Wine swatches, akin to artist's colour samples, hundreds of them lined the entrance to the hall. The Gergovie team have been collecting these for years, and they were lovely in their minimal evocation of some phenomenal wines from far-off lands.
Wine swatches, akin to artist’s colour samples, hundreds of them lined the entrance to the hall. The Gergovie team have been collecting these for years, and they were lovely in their minimal evocation of some phenomenal wines from far-off lands.

Rant over…so this event was organised primarily for trade and growers, almost entirely from Italy, France, and Slovenia.  It was in an awesome de-consecrated Victorian chapel off Lower Clapton Road, across from Noble’s second venue P. Franco.  I can’t find much on the history of the chapel, but it had distinct echoes of the fine early Christian basilicas found in Constantinople and in Northeast Italy, the old Exarchate of Ravenna.  The room was hung with the lovely posters that have long been a feature of the London and Paris natural wine shops/enotecas, and are so sorely missed in the hyper-commercial (and somewhat more restaurant-based) New York wine scene.  There was a distinctly aesthetic vibe to the whole thing, from the posters, to the small-scale but utterly conscientious attitude of the growers, and even to some of the London-based staff, artists working part-time in the food and wine businesses around Maltby St.

40 Maltby St's spectacular grub: to start, a gutsy terrine, refined liver mousse; duck egg with asparagus; salt cod fritters. Mains: wood-grilled rabbit, aioli, and simple rough greens; a seafood rice. To end: selection of 3 cheeses; a stunning lemon-rind tarte with pure butter base, creme fraiche. This wasn't the day for vegans or diets.
40 Maltby St’s spectacular grub: to start, a gutsy terrine, refined liver mousse; duck egg with asparagus; salt cod fritters. Mains: wood-grilled rabbit (shown), aioli, and simple rough greens; a seafood rice. To end: selection of 3 cheeses; a stunning lemon-rind tarte with pure butter base, creme fraiche. This wasn’t the day for vegans or diets. Wine: Cristiano Guttorolo’s amphora-aged primitivo.

We ended up mostly sticking with the Italian stalls, with no disrespect intended to the others !  Food was essentially a holocaust of rabbits, grilled outside by 40 Maltby Street’s awesome team.  The evening ended at Brilliant Corners in Dalston, where wine crosses audiophile vinyl.

The distinctive wine posters
The distinctive wine posters
...and the sun from basilica windows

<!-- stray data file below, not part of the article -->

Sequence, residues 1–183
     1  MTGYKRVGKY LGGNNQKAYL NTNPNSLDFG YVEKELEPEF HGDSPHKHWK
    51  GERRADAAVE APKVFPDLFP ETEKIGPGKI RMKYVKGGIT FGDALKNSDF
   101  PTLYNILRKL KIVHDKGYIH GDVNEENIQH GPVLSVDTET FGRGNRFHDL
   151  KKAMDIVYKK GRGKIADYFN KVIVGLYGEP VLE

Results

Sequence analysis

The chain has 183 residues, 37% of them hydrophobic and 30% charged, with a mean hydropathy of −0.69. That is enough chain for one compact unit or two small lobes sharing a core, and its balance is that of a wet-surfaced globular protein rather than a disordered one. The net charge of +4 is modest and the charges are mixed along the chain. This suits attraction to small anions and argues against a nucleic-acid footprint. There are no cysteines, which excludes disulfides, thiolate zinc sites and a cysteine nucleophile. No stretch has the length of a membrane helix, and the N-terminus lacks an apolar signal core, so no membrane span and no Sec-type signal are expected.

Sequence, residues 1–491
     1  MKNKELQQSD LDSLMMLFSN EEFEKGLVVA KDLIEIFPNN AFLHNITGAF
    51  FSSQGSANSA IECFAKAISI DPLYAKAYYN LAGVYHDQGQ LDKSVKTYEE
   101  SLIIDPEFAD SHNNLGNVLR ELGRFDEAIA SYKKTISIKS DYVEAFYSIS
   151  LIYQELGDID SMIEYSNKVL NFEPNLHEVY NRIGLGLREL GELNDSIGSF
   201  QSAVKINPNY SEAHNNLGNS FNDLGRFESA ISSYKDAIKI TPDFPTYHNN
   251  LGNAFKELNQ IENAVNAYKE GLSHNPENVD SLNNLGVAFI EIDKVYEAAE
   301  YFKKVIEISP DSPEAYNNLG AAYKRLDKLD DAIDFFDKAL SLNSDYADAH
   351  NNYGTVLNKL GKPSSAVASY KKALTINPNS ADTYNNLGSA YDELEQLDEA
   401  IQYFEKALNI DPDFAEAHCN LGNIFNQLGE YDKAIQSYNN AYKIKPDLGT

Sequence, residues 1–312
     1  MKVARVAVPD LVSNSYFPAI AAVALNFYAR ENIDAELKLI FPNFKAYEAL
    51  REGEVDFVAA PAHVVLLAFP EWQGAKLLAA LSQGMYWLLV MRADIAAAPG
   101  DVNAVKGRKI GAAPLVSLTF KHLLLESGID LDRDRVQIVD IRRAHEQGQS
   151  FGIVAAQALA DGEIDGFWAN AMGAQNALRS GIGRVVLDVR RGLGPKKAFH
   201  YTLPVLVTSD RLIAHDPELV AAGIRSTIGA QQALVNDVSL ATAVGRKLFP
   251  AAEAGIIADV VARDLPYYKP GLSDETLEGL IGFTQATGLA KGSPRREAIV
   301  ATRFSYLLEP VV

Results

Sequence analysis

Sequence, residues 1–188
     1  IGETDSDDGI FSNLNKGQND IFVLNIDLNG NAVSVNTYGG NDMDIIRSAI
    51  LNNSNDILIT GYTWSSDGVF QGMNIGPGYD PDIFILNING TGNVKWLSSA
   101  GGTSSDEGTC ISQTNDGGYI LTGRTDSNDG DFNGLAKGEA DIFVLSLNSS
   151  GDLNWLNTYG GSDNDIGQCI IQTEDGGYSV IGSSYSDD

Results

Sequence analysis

…and the sun from basilica windows

In keeping with the superb spring day, it all got a bit out of hand, with a bit of a Dionysian rendition on the preacher’s pulpit.  A tender respect for religious sentiment restrains me from a pic…

Doyen of the corps de vigneron, Gabrio Bini of Serraghia has long been a fixture on the London wine scene. His wines, from Pantelleria, closer to Africa than Sicily, come from old vines, are hand-tended, and partake of the saline air. Our favourite is his amphora-aged white of Zibbibo (local name for the Moscato di Alessandria, the name of which brings out Cavafy's poems of a vanished city).
Doyen of the corps de vignerons, Gabrio Bini of Serraghia has long been a fixture on the London wine scene. His wines, from Pantelleria, closer to Africa than Sicily, come from old vines, are hand-tended, and partake of the saline air. Our favourite is his amphora-aged white made from Zibbibo (local name for the Moscato di Alessandria grape…evoking perhaps Cavafy’s poems of a vanished city).
Gabrio's distinctive bottles.
Gabrio’s distinctive bottles.
The wines of Cantina Giardino come from the highlands of Irpinia, in Campania, known for the great Taurasi appellation. The noble grape Aglianico (Nebbiolo being the Alianico of the North) dominates reds, here and in Basilicata. The white wine Sophia, is based on Fiano, foot-trodden (by children apparently) and aged in unlined clay amphorae. Other wines are aged in chestnut/acacia barrels from the area.
The wines of Cantina Giardino come from the highlands of Irpinia, in Campania, known for the Taurasi appellation. The noble grape Aglianico (Nebbiolo being the Aglianico of the North) dominates reds, here and in Basilicata. The white wine Sophia, is based on Fiano, foot-crushed (by children apparently) and aged in unlined clay amphorae. Other wines are aged in chestnut/acacia barrels from the area.
Cantina Giardino's amphorae
Cantina Giardino’s amphorae
The wonderful proprietors Antonio & Daniela De Gruttola of Cantina Giardino.
The wonderful proprietors Antonio & Daniela De Gruttola of Cantina Giardino.
Farnea's wines, from the Eugenean Hills just outside Padova in Veneto. The soil is volcanic, grapes are fermented in concrete with natural yeasts and skin contact - Emma, based on Moscato Rosa and Moscato Giallo was a fave.
Farnea’s wines, from the Eugenean Hills just outside Padova in Veneto. The soil is volcanic, grapes are fermented in concrete with natural yeasts and skin contact – Emma, based on Moscato Rosa and Moscato Giallo was a fave.